Re-imagining freedom as elderly female porters: A study of buruh gendong at Beringharjo traditional market of Yogyakarta

Gilang Mahadika, Setiadi Setiadi


This paper expects to reveal the struggle of elderly female porters or buruh gendong who mostly had a historical background of working in industrial production (factory) but ended up being self-employed at Beringharjo traditional market of Yogyakarta. They used to work as factory workers. However, most factories collapsed in the aftermath of the 1997 economic crisis, especially in Southeast Asia. These older people from peri-urban (and rural) areas with lower-class status ended up in urban areas to be self-employed and became precarious workers. Therefore, the research questions are how they cope with the income uncertainties only to meet their daily needs and still desire their children to have a better living condition. Observations and interviews were done with 25 elderly female traditional porters as the research methods from 2020. They are primarily in the age range of late 50-80 years old. The results show that income uncertainties and social insecurity bring about precariousness. Buruh gendong have to work every day only to make ends meet. However, these conditions could also open up alternative perspectives that they often found themselves liberated from the control of industrial production. They do not work for capital owners or bosses; they work for themselves (self-employed). They are free or more flexible on working hours, but, at the same time, they have to accept their insecure employment. Buruh gendong also have desires for their children to be able to achieve a higher education level. Eventually, the desires are mostly unfulfilled; their children get unfortunate work and still live barely.


elderly female; uncertainties; economic crisis; self-employed; precarious workers

Full Text:



Ahn, S. G. (2000). The truth behind the asian financial crisis: Panic or cronyism? Pacific Focus, 15(2), 89–103.

Booth, A. (1998). The Indonesian economy in the nineteenth and twentieth centuries: A history of missed opportunities. Macmillan Press Ltd.

Chadijah, D. I., Wijaya, M., & Soemanto, R. B. (2019). Industrial relations between ojek online drivers with PT. Gojek Indonesia Branch of Surakarta. Journal of Islamic World and Politics, 3(2).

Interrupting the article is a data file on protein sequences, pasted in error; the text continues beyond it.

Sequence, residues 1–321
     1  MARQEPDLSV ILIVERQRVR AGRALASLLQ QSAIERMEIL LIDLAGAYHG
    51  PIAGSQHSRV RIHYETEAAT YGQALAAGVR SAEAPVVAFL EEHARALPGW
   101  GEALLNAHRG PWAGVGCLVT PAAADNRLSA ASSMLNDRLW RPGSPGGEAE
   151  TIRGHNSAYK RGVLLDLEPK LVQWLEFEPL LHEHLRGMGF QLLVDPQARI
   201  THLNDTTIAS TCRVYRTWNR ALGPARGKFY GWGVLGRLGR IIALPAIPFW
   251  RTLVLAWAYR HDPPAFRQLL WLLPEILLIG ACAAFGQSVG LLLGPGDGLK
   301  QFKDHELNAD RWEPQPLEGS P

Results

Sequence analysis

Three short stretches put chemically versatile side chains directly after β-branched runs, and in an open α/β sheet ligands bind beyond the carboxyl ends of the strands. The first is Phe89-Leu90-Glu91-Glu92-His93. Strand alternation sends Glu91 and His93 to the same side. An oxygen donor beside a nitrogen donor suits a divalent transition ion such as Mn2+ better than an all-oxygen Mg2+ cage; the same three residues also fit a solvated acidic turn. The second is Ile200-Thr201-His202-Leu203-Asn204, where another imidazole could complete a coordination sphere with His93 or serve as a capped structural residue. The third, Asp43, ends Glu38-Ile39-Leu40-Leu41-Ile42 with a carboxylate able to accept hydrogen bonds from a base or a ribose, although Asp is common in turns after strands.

Cook, S. & P. J. (2014). Poverty, inequality, and social protection in Southeast Asia: An introduction. Journal of Southeast Asian Economies (JSEAE), 31(1), 1–17.

Cruikshank, M. (2013). Learning to be old: Gender, culture, and aging. Rowman & Littlefield publishers, Inc.

Elson, R. E. (1997). The end of the peasantry in Southeast Asia: A social and economic history of peasant livelihood, 1800-1990s. Macmillan Press Ltd.

Federici, S. (2004). Caliban and the witch: Women, the body and primitive accumulation. Autonomedia.

Furnivall, J. S. (1948). Colonial policy and practice: A comparative study of Burman and Netherlands India. Cambridge University Press.

Gago, V. (2017). Neoliberalism from below: Popular pragmatics and baroque economics. Duke University Press.

Graeber, D. (2011). Debt: The first 5,000 years. Mellville House.

Hadiz, V. R., & Robison, R. (2005). Neo-liberal reforms and illiberal consolidations: The Indonesian paradox. Journal of Development Studies, 41(2), 220–241.

Hammersley, M., & Atkinson, P. (2007). Ethnography: Principle in practice. Routledge.

Han, C. (2012). Life in debt: Times of care and violence in neoliberal Chile. University of California Press.

Hardt, M. (2000). Empire. Harvard University Press.

Harms, E. (2011). Saigon’s edge: On the margin of Ho Chi Minh City. University of Minnesota Press.

Kadir, H. A. (2017). Komparasi munculnya liberalisme ekonomi di Indonesia dan Burma. Lembaran Sejarah, 13(2), 163–185.

Kadir, H. A. (2019). Economic practices of “Mama-mama Papua” using shifting cultivation system: Case study in Sorong and Maybrat regencies--Western Papua. Indonesian Feminist Journal, 24(4), 24–46.

Kasmir, S. (2018). Precarity. In The Cambridge encyclopedia of anthropology.